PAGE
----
Category Archives: Portfolio Management

Book Review: Berkshire Beyond Buffett

It’s time to change what Warren Buffett supposedly said about his mentors: “I’m 85% Ben Graham, and 15% Phil Fisher.” For those who don’t know, Ben Graham is regarded to be the father of value investing, and Phil Fisher the father of growth investing.  Trouble is, Warren Buffett changed in his career such that this […]

Risk Tolerance — The Ability to Deal with Loss

No one knows their financial “risk tolerance” outside of the context of losing money.  Part of the trouble is that risk and return are often described in the same breath as if they are inseparable, when they are more weakly related than most think, and certainly not linear. Surveys, no matter how well-intentioned or -designed […]

Mantra: Interest Rates Have to Rise, Interest Rates Have to…

I thought of structuring this post like a fictional story, but I couldn’t figure out how to make it good enough for publication.  Well, truth is often stranger than fiction, so have a look at this Bloomberg article pointing at a 37% loss in the ProShares UltraShort 20+ Year Treasury (TBT). A few points to start […]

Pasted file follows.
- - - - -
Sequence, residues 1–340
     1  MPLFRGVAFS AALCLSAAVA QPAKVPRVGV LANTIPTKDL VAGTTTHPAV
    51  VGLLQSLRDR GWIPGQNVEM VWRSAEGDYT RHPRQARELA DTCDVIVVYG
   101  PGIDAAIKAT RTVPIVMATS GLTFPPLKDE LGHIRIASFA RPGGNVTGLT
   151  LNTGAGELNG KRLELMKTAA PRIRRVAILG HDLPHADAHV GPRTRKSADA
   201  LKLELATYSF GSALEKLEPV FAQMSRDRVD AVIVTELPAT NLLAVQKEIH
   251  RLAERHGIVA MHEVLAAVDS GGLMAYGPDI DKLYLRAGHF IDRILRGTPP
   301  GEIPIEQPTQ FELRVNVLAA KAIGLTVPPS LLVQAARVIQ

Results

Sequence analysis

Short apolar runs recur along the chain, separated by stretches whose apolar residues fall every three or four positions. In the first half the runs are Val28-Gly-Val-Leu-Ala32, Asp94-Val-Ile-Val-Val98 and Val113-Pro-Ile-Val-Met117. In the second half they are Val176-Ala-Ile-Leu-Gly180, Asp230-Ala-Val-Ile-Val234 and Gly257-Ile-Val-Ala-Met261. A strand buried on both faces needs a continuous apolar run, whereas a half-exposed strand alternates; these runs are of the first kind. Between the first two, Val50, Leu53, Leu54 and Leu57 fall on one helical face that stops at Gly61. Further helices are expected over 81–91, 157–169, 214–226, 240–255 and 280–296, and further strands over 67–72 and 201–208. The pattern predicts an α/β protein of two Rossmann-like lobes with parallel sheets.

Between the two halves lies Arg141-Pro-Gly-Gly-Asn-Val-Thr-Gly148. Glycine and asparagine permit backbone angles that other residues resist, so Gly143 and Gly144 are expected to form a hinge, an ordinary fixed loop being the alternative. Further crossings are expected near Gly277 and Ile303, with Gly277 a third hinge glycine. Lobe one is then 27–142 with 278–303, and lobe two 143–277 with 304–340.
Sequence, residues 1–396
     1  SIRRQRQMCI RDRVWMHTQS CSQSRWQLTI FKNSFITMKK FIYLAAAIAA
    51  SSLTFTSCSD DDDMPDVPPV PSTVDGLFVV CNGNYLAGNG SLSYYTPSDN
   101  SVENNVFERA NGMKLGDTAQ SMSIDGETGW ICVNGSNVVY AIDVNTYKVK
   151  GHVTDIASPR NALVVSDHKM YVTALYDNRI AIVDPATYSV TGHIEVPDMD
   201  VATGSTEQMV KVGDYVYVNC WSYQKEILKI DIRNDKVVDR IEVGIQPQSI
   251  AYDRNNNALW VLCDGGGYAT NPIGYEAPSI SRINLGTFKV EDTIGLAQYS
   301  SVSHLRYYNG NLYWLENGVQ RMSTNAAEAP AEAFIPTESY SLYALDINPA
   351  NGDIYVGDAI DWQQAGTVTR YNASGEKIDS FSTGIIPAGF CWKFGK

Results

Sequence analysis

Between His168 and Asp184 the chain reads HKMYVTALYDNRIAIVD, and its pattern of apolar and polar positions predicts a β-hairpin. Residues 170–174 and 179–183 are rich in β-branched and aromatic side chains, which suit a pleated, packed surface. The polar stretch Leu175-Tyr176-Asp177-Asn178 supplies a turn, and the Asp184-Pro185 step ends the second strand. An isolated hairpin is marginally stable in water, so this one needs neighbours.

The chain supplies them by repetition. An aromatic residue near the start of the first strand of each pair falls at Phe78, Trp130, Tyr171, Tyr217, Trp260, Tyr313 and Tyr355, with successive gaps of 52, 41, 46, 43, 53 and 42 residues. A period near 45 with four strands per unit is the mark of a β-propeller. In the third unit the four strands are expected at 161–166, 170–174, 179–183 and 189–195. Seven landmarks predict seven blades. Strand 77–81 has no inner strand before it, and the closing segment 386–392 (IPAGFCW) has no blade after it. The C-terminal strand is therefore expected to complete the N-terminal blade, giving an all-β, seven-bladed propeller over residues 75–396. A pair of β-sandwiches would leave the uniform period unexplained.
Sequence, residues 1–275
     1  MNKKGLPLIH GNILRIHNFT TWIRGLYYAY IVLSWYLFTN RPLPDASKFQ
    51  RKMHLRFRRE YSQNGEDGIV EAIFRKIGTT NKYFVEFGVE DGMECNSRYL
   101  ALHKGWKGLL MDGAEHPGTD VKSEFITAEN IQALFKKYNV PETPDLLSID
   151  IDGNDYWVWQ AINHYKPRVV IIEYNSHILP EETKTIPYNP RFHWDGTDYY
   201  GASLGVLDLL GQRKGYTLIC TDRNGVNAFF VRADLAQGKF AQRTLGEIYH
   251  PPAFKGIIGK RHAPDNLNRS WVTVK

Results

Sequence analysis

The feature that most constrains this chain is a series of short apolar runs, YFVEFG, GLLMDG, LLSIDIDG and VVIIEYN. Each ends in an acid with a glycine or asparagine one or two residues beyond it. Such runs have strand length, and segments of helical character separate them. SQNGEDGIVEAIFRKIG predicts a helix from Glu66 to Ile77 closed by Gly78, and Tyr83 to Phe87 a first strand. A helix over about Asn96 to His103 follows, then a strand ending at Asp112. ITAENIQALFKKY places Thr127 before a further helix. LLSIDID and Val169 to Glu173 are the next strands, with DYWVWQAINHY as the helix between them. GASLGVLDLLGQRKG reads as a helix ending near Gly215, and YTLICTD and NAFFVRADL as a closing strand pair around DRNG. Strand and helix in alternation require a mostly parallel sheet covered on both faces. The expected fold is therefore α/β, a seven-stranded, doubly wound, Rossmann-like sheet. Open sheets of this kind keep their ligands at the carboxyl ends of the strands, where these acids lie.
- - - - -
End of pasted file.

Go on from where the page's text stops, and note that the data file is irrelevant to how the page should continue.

Even with Good Managers, Volatility Matters

This is another episode in my continuing saga on dollar-weighted returns. We eat dollar-weighted returns.  Dollar-weighted returns are the returns investors actually receive in a open-end mutual fund or an ETF, which includes their timing decisions, as opposed to the way that performance statistics are ordinarily stated, which assumes that investors buy-and-hold. In order for […]

Factor Glut

I use factors in my investing. What *are* factors, you ask?  Factors are quantitative variables that have been associated with potential outperformance.  What are some of these factors? Valuation (including yield) Price Momentum (and its opposite in some cases) Insider Trading Industry factors Neglect Low Volatility Quality (gross margins as a fraction of assets) Asset shrinkage […]

Numerator vs Denominator

Every now and then, a piece of good news gets announced, and then something puzzling happens.  Example: the GDP report comes out stronger than expected, and the stock market falls.  People scratch their heads and say, “Huh?” A friend of mine who I haven’t heard from in a while, Howard Simons, astutely would comment something […]